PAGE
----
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Gender is a Spectrum: It’s FB Official

This is a sponsored feature. All opinions are 100% from Her Campus.

This article is written by a student writer from the Her Campus at Kenyon chapter.

If you haven’t already heard, on February 13th, Facebook unveiled its customized gender options. There are now 56 options for gender identity and expression, not just male and female. Not only can you now choose from a multitude of gender identities and expressions, but when you select a gender other than “male” or “female,” Facebook allows you to pick which pronoun fits you (either female, male, or neutral). Also, you can customize who can and cannot see your gender, which gives a sense of protection for those who might be worried about others’ reactions.

On the Facebook Diversity page, the social media company posted this statement:

“When you come to Facebook to connect with the people, causes, and organizations you care about, we want you to feel comfortable being your true, authentic self. An important part of this is the expression of gender, especially when it extends beyond the definitions of just “male” or female.” So today, we’re proud to offer a new custom gender option to help you better express your own identity on Facebook.”

Let’s all give a round of applause to Facebook. The thoughtfulness of the people behind this project is apparent, both in their collaboration with multiple LGBT+ advocacy organizations and in the breadth of the options that are now available to users. Such a large-scale, public recognition that gender is a spectrum is exciting to see. Before this, you might see the occasional “other” option when a site asks you to select your gender, but it was never on a site as widely used as Facebook, and there was never the specificity of everything that is considered “other.”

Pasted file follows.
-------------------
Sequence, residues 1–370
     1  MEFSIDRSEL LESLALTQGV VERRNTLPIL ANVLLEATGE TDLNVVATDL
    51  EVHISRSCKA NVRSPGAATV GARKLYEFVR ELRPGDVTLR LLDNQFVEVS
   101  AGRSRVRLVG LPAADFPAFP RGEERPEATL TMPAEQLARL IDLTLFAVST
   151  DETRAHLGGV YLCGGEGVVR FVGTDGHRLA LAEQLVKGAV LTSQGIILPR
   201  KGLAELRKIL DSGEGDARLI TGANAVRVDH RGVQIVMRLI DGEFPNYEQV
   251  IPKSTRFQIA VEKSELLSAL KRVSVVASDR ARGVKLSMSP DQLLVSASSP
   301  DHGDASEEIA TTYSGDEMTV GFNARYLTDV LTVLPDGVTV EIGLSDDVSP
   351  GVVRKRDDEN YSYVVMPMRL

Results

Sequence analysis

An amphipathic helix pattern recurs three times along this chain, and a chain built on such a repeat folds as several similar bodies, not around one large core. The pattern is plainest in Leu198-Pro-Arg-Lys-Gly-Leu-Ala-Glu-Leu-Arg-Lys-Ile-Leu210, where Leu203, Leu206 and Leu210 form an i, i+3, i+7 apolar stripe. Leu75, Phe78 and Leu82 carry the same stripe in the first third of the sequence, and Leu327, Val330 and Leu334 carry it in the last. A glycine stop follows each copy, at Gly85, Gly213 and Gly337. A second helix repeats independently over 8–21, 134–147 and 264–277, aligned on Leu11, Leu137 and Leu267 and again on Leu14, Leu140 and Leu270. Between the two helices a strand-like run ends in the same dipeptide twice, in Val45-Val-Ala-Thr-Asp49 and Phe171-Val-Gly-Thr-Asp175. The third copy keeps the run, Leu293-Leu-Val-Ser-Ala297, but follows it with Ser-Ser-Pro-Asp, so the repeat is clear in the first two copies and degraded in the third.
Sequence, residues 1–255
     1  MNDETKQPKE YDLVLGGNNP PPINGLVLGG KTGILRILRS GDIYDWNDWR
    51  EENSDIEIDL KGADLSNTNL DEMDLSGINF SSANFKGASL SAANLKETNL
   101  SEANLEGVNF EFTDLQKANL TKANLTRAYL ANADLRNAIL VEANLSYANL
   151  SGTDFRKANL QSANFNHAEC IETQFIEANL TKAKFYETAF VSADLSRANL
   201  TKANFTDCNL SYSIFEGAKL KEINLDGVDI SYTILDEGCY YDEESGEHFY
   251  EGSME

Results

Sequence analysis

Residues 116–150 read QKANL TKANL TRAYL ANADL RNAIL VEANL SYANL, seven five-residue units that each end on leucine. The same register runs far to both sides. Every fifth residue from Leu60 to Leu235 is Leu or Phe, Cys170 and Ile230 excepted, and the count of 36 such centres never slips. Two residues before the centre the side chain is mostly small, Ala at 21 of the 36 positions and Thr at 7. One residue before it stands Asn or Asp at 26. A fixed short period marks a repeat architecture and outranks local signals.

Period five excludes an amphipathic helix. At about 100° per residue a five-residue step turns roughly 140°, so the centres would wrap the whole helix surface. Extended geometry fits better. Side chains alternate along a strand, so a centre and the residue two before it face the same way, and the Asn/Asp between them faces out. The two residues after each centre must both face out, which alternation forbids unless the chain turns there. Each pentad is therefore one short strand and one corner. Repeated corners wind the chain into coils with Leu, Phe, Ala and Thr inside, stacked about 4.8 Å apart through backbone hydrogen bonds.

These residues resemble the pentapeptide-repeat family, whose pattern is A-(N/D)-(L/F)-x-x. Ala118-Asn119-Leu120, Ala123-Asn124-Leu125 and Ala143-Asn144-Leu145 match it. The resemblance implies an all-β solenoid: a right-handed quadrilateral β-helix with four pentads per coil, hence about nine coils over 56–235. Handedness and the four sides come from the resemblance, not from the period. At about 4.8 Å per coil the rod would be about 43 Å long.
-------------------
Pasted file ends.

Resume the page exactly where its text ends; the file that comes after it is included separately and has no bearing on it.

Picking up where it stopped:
With as many selections as Facebook not provides, there are bound to be some lesser-known terms, so here is a comprehensive list of all the gender identity and expression options and a definition for each.

Will this change completely eradicate the gender binary? Unfortunately, no. There will always be naysayers, those who don’t understand the importance of inclusion and acceptance. Beyond that, there’s still more that Facebook can do. Right now, this feature is only available to U.S. English users. Also, it’s important to include the multiple gender options to sections such as family relationships (for example, to get rid of the limitations of having to select son or daughter for a child who doesn’t fit the gender binary) and “Interested In” (for individuals who are attracted to a non-binary gender).

However, this is a wonderful step in the right direction. It sets an example for other social media sites and for the Internet as a whole. It creates a safer, more comfortable space for those who don’t fit the gender binary. It allows people to more effectively express themselves online, and in our technology-focused era, this is hugely important. Let’s hope that other sites follow Facebook’s example.

Class of 2017 at Kenyon College. English major, Music and Math double minor. Hobbies: Reading, Writing, Accidentally singing in public, Eating avocados, Adventure, and Star Wars.
Ally Bruschi is a senior political science major at Kenyon College. She spent this past summer interning as a writer with both The Daily Meal, a digital media group  dedicated to "all things food and drink" and The Borgen Project, a non-profit organization that partners with U.S. policymakers to alleviate global poverty. Before entering the "real world" of jobs, however, Ally spent many summers as a counselor at an all-girls summer camp in Vermont, aka the most wonderful place on earth. A good book, a jar of peanut butter, a well-crafted Spotify playlist, and a lazy dog could get her through even the worst of days.